Distressingly for art lovers, the reopening of museums in France has been postponed from December 15 to January 7, but the good news is that small art galleries are open. One exhibition well worth seeing is “A Day Longer,” a presentation of three years’ worth of new work by 85-year-old American artist Jim Dine, some of it made in his Paris studio during lockdown, at the Galerie Templon.
An assault on the senses greets visitors when they walk into the gallery’s main room at the sight of eight heavily impastoed, forcefully colorful monumental paintings on wood. Your first impression might be that Dine went crazy and randomly squeezed tubes and tubes of paint onto the canvas and then threw everything in his studio – including his tools, dirt and blocks of wood – on for good measure and covered them up with more paint. Not so: there is method to his madness.
There is no surprise in the presence of so many mallets, hatchets, saws, etc. embedded in the lavishly applied oil paint: Dine has been using tools as part of his work since his Pop Art days in the early 1960s, a byproduct of an obsession with tools that has persisted since he was a child in his grandfather’s hardware store.
Tools, wood, sand and charcoal are not the only add-ons to these at-first-glance abstract works, however: humans also creep into them in the form of barely distinguishable bodies (“Prophet in the Storm”) or mask-like faces in roughly carved wood (“At Night, I Ride”), iron (“The Twisted Lyre”) or bronze and aluminum (“Forgotten Harvest, Fragrant Spirit). Dine doesn’t worry much about the labels “abstract” and “figurative.”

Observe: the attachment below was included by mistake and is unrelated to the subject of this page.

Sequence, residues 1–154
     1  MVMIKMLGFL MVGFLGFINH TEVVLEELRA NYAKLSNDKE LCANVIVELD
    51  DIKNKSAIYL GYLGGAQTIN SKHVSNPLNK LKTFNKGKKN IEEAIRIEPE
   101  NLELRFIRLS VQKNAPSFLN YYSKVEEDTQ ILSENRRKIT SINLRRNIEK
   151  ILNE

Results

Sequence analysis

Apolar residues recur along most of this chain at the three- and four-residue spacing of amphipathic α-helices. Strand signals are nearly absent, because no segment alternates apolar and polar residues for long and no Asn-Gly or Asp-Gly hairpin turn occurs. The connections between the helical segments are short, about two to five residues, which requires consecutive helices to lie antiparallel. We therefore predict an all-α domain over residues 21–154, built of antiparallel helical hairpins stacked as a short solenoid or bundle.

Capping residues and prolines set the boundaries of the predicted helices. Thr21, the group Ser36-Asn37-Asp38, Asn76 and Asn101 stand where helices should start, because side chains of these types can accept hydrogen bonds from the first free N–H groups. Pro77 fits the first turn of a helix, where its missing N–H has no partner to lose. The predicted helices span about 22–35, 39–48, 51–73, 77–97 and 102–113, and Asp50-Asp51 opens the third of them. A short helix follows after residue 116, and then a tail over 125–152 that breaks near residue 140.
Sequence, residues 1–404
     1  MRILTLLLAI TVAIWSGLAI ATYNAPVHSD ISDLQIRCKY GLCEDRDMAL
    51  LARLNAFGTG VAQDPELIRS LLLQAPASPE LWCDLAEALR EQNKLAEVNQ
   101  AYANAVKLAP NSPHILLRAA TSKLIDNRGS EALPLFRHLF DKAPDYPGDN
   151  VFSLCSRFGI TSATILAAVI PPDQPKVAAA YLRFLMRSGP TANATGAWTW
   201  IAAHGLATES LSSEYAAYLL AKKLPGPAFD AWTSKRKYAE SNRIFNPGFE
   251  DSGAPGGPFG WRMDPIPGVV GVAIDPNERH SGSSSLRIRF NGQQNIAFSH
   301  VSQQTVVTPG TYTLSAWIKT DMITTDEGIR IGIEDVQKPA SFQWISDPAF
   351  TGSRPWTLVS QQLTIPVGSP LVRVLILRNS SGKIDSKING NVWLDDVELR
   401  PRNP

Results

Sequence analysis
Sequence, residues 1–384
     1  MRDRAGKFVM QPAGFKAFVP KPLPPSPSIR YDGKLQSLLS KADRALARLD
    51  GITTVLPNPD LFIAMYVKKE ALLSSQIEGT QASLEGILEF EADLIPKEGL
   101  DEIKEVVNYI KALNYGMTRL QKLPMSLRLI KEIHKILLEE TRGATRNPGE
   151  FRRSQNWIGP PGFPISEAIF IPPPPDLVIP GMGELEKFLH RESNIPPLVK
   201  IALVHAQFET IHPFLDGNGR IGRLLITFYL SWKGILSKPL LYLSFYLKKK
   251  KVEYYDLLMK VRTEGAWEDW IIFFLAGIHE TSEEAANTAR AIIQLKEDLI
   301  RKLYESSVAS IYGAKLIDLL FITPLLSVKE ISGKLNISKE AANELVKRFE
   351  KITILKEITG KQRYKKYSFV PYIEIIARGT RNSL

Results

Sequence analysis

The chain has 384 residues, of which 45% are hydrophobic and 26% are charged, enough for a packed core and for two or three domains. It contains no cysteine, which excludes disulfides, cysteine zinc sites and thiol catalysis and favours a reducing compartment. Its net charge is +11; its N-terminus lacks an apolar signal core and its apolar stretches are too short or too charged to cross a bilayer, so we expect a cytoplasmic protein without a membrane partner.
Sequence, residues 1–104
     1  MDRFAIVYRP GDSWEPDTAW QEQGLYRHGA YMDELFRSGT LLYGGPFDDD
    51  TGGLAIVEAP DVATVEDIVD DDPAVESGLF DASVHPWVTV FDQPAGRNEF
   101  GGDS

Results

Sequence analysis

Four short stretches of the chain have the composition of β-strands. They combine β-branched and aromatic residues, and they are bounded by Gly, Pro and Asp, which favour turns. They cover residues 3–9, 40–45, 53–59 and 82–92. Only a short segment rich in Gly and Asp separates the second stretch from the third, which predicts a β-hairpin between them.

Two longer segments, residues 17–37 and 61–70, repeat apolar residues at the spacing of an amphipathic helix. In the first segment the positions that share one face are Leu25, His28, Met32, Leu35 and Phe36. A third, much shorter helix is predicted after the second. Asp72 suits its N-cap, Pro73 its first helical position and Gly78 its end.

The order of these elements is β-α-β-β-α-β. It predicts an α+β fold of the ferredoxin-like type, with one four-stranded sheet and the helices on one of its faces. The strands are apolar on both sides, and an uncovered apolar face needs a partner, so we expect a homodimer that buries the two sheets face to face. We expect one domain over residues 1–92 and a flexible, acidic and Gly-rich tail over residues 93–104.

In fact, the 15 smaller paintings in the back room are entirely figurative, depicting nothing but human faces – all of them Dine’s, easily recognizable by the bald head and prominent ears, but otherwise all very different.
The show also includes two sculptures in a new “collage” style: in each one, a “head” made of assembled painted cast-bronze pieces is mounted on a simple base.
The prolific Dine, who is also a poet, has a way with words, as seen in the lyrical titles of these works (I especially like the evocative “At Night, I Ride”). The show’s poignant title, “A Day Longer” – “It’s death breathing down my neck,” he explains – is his as well.
“Paintings are mysterious objects,” says Dine in the exhibition video. “They have a life of their own. You have to harness it. It’s like the wind.” In the catalog, however, poet and critic John Yau writes that Dine, “a masterful draftsman capable of delicately nuanced sensual lines,” has “thrown caution to the wind” in his recent work. It seems to me that Dine has managed to have it both ways.
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